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Australian Cotton Output Seen Dropping as Drought Hurts Crop

Cotton is harvested by a worker operating a picking machine in the Narrabri region of New South Wales, Australia. Photographer: Ian Waldie/Bloomberg
Cotton is harvested by a worker operating a picking machine in the Narrabri region of New South Wales, Australia. Photographer: Ian Waldie/Bloomberg

Feb. 6 (Bloomberg) -- Cotton production in Australia, the world’s third-biggest exporter, may decline to the lowest level in at least three years as drought curbs crops and water availability, according to a growers’ group. Prices advanced.

Output in 2013-14 may be less than the 4 million bales forecast in September, said Michael Murray, policy manager for Queensland and water at Sydney-based Cotton Australia. That compares with a crop of about 4.4 million bales in 2012-13, and the record 5.3 million bales harvested in 2011-12. An Australian bale weighs 227 kilograms (500 pounds).

The group’s forecast adds to signs that drier-than-usual weather in parts of Australia is hurting farm output in the $1.5 trillion economy. About 65 percent of Queensland is in drought after its driest December since 1938, while New South Wales had its driest January since 2003, Bureau of Meteorology data show. Australia may bring forward income assistance for farmers due to the drought, Prime Minister Tony Abbott said today.

“It’s been a hotter and drier summer than usual and water use has been a little higher than average,” Murray said by phone from Queensland. “That’s meant that in some valleys, some growers are running short of water.”

Benchmark futures in New York advanced 0.5 percent to 85.98 cents a pound on ICE Futures U.S. today. Rising world supply will drive prices to 75 cents in three months, Goldman Sachs Group Inc. says. Global stockpiles on July 31 may reach a record 97.6 million bales of 480 pounds, according to the U.S. Department of Agriculture.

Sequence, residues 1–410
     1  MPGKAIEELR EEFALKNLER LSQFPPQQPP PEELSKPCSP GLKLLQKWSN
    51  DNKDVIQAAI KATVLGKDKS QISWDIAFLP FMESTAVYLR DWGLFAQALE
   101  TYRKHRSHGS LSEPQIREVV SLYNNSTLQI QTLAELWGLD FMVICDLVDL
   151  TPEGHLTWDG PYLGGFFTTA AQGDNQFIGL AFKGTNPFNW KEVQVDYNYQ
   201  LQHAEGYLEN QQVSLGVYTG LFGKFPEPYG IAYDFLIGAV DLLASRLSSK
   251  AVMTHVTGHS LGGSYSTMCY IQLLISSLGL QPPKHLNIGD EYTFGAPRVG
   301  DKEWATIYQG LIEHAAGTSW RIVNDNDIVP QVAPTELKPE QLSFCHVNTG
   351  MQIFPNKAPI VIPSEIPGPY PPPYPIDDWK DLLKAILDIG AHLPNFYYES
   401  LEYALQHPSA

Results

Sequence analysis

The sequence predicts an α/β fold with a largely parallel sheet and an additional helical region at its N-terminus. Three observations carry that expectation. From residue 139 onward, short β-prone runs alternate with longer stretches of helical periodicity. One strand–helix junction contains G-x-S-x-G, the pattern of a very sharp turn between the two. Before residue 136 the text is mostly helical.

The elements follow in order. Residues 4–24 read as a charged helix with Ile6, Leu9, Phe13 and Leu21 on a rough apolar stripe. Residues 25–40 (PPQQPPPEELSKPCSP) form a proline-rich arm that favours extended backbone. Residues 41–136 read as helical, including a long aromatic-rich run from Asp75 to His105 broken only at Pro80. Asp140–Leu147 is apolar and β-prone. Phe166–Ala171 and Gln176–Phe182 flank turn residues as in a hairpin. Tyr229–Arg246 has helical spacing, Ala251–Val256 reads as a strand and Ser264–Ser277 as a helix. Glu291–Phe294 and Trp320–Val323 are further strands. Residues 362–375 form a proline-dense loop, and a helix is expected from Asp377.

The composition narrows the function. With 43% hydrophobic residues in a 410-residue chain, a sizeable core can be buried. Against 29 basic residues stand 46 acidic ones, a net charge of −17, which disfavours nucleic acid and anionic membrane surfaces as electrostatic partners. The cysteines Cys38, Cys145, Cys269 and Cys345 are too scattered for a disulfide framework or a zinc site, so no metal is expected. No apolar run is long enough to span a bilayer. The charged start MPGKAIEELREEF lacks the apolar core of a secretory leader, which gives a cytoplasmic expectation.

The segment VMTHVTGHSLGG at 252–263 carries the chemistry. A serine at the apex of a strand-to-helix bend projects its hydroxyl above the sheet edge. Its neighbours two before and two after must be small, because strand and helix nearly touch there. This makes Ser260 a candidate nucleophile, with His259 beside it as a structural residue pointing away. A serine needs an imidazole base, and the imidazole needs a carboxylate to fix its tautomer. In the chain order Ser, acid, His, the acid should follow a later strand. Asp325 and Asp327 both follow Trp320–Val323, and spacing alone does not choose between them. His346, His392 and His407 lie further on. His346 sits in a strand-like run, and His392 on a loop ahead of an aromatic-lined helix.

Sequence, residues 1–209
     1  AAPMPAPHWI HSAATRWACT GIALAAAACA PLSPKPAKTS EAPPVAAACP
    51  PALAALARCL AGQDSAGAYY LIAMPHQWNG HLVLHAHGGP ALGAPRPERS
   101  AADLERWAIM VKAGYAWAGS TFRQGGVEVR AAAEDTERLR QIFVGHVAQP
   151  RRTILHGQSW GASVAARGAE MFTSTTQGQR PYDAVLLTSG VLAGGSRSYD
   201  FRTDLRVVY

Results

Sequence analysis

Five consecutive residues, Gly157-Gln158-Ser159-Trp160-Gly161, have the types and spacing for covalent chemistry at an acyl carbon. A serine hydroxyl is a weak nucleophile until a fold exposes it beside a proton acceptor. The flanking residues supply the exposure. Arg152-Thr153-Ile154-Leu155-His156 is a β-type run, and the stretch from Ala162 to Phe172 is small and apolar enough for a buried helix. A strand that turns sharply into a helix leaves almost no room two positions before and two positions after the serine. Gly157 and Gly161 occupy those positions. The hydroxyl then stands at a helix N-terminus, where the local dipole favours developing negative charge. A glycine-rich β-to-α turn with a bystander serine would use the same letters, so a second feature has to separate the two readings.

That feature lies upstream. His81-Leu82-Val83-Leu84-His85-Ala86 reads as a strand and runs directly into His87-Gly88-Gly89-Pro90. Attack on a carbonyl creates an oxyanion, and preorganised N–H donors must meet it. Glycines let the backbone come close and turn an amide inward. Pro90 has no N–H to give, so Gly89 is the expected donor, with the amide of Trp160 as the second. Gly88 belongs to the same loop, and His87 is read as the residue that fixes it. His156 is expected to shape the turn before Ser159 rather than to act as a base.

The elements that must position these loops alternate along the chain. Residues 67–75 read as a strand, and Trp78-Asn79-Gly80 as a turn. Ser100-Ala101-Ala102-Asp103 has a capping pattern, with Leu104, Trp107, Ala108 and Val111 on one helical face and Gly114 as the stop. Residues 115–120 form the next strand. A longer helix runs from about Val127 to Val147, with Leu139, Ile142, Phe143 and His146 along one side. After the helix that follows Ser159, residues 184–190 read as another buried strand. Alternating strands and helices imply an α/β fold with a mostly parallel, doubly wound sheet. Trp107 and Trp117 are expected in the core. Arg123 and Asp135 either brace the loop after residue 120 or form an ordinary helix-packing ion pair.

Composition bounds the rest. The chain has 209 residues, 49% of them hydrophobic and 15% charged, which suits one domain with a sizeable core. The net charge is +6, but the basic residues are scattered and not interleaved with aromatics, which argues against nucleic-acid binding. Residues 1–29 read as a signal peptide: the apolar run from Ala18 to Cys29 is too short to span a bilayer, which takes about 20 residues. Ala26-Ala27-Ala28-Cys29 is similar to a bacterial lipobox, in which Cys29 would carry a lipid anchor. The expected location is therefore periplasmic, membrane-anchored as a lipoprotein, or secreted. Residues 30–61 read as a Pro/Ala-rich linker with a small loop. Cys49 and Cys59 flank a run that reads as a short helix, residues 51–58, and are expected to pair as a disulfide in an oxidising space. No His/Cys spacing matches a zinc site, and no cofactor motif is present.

Hungate’s Outlook

“There’s still a lot of uncertainty where it is going to end up,” said Nick Hungate, London-based head of cotton at RCMA Commodities Asia Pte Ltd., referring to the Australian crop. Production may drop below 3.5 million bales, he said.

The area planted to cotton nationwide fell 6.6 percent to 413,000 hectares (1 million acres) in 2013-14 from a year earlier, the Australian Bureau of Agricultural and Resource Economics and Sciences said in December. Production may drop to 975,000 metric tons in 2013-14 from 1 million tons, said the Canberra-based bureau, which is known as Abares. Queensland may account for about 34 percent of national output, it predicts.

The drought is also spurring farmers to cull cattle as pastures wither and the price of feed advances. Slaughterings may increase 5.6 percent to 8.9 million head in the year to June 30, boosting exports to a record, Abares estimates. The price of sorghum, used to feed livestock, climbed to A$346.50 ($310) a ton in January, the highest since 2007.

El Nino

The cotton crop may still be Australia’s third- or fourth-biggest, Murray said yesterday. Rain predicted for Queensland in the next week may provide some relief, he said. The last time Australia produced less than 4 million bales was 2010-11, according to Cotton Australia, an industry group.

Most climate models suggest the tropical Pacific Ocean will warm through the southern autumn and winter, with some models predicting the trend may approach El Nino thresholds by early winter, the Bureau of Meteorology said Jan. 28. An El Nino, which is associated with drier conditions in Australia, particularly the east, may restrict irrigated cotton output, Australia & New Zealand Banking Group Ltd. said yesterday.

“Obviously there is a very serious drought problem in western Queensland,” Abbott told reporters in Brisbane. “Parts of New South Wales and even parts of northern Victoria are suffering from the drought” and the government is looking at bringing forward the start of a plan that provides income support to people in exceptional circumstances, he said.

To contact the reporter on this story: Phoebe Sedgman in Melbourne at

To contact the editor responsible for this story: James Poole at

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